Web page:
During the interim, various anti-Jackson parties in a number of states had come into being under the magic name of Whig—the name hallowed during the Revolution as symbol of patriotic resistance to tyranny. In 1839 these state organizations arranged a national convention to prepare for 1840. When the convention met—bringing together various incongruous elements, united only by their opposition to Jacksonianism—the delegates conferred, schemed, and bargained, and came up at last with a military hero whom the Whigs could balance against the shade of Old Hickory—General William Henry Harrison, the hero of Tippecanoe. The Whigs did not bother to present a platform, and Harrison did no campaigning to speak of; the log cabin, the keg of hard cider, and the glib slogan “Tippecanoe and Tyler too” touched some sort of popular chord; the Whigs elected a President, and the Democrats retired to their tents.
Thus, by 1840, two-party operation had at last been completed, and the convention system of making nominations had become firmly established. From that time down to the present day the national convention has been the accepted mechanism of selecting and presenting a party’s candidate.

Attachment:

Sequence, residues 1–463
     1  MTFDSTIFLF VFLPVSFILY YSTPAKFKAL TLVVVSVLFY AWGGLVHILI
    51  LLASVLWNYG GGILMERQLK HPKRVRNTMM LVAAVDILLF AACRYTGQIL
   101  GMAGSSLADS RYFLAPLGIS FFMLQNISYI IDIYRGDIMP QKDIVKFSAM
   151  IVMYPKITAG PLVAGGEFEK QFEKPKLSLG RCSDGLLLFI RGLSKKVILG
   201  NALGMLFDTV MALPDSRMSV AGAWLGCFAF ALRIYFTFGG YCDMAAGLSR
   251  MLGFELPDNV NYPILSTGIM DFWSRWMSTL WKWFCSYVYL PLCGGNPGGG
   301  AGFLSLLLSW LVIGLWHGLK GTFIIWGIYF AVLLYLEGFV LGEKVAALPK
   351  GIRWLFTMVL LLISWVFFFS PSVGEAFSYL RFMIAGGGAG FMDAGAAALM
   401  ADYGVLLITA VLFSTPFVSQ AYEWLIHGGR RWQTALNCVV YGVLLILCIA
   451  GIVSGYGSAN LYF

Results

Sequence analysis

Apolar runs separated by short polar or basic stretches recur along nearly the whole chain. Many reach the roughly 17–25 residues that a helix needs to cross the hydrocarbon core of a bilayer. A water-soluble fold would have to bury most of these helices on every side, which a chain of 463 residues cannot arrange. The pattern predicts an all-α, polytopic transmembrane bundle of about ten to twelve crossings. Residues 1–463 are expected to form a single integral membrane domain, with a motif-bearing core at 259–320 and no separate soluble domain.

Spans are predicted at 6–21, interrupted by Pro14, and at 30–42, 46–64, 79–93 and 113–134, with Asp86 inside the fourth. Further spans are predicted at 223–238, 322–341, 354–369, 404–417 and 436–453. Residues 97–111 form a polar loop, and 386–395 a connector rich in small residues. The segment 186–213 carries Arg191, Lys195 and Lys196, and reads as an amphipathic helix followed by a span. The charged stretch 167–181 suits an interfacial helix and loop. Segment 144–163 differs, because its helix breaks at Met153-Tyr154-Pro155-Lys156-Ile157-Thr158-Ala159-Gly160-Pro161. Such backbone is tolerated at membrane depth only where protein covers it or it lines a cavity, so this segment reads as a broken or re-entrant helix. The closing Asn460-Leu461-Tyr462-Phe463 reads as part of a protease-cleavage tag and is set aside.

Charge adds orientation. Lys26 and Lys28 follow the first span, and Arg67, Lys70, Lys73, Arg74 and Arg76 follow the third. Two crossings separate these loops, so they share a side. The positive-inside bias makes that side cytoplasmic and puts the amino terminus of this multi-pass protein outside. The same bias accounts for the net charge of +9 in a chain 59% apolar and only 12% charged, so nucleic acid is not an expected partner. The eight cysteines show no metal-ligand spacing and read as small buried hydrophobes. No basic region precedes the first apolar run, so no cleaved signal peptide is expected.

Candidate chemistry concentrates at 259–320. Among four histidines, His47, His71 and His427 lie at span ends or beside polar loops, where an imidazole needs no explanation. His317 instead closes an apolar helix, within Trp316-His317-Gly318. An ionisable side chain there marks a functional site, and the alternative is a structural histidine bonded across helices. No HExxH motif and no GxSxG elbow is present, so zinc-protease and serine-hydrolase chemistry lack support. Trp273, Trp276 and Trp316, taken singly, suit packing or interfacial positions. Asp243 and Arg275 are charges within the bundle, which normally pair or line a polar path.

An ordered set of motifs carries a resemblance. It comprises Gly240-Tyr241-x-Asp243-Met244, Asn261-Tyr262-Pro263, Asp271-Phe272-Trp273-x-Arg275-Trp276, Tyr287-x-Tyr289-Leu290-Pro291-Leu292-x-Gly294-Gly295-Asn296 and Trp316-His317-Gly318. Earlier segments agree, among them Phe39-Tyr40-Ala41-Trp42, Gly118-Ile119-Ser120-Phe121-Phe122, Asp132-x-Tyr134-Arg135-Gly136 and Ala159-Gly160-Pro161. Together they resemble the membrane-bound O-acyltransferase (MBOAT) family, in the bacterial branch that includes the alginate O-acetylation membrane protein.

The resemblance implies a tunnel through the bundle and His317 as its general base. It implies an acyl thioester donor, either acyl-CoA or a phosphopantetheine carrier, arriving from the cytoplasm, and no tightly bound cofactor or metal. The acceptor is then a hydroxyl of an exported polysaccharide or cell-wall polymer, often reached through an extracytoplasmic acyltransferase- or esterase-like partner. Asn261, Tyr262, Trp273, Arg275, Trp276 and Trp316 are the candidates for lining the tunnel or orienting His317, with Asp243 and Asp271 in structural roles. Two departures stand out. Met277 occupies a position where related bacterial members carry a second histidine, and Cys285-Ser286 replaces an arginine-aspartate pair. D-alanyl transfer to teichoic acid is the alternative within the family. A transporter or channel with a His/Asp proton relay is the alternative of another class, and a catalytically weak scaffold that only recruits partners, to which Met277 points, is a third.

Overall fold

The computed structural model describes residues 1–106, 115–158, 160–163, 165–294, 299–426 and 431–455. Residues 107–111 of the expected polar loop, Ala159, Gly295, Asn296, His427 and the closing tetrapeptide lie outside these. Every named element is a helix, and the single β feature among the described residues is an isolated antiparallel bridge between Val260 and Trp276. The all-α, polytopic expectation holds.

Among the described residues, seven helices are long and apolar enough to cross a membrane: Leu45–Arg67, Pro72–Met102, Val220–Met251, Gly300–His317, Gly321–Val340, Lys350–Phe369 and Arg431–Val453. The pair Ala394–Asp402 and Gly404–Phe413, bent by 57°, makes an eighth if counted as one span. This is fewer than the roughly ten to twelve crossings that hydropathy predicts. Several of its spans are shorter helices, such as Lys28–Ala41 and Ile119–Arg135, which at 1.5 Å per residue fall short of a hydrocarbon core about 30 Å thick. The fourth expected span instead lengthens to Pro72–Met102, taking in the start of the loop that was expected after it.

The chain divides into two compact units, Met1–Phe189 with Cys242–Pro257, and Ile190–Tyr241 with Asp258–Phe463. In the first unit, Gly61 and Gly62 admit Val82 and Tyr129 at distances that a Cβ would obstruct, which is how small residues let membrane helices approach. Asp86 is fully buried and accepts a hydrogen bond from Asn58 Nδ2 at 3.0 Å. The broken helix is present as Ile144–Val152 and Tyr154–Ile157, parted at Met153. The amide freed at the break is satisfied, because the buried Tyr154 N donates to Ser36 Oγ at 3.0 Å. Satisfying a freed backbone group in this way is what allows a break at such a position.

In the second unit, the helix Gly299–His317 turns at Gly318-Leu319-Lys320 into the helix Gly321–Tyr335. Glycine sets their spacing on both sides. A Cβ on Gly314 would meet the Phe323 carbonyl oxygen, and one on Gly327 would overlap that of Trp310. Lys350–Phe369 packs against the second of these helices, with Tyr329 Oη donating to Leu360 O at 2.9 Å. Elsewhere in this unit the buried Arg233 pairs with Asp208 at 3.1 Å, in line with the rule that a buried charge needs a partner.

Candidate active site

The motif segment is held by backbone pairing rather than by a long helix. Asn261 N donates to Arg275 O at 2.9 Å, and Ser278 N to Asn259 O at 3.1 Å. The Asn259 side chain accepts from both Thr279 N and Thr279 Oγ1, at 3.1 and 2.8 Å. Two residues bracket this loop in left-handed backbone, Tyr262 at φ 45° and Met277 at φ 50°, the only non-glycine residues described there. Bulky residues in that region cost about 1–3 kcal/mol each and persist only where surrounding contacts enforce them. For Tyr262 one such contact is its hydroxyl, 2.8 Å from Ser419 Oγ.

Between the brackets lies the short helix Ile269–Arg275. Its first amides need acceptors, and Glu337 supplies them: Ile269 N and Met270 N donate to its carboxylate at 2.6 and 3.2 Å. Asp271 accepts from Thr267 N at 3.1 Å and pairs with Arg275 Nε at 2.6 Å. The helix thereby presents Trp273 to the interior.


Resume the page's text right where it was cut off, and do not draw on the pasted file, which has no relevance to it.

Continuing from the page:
This has had unexpected consequences. The conventions, by and large, have been attended and dominated by professional politicians—the men who operate the political machinery, which over the years has become more and more complex. The conventions, as a result, are usually preoccupied with the interest of the operators. Control of the machinery has often been of more concern than the problems of government.
For the professional politician’s first concern is to perfect his organization, to operate it successfully, and to see to it that the men nominated are in sympathy with the party’s methods of operation. Automatically, this has tended to remove political conventions from the most acute responsiveness to public opinion. It is the politicians’ opinion that is apt to count most.